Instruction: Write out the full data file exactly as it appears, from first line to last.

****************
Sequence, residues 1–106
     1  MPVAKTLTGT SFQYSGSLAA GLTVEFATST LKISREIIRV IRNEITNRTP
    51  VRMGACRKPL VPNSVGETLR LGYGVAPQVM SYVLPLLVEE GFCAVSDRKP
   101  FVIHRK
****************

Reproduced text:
Sequence, residues 1–106
     1  MPVAKTLTGT SFQYSGSLAA GLTVEFATST LKISREIIRV IRNEITNRTP
    51  VRMGACRKPL VPNSVGETLR LGYGVAPQVM SYVLPLLVEE GFCAVSDRKP
   101  FVIHRK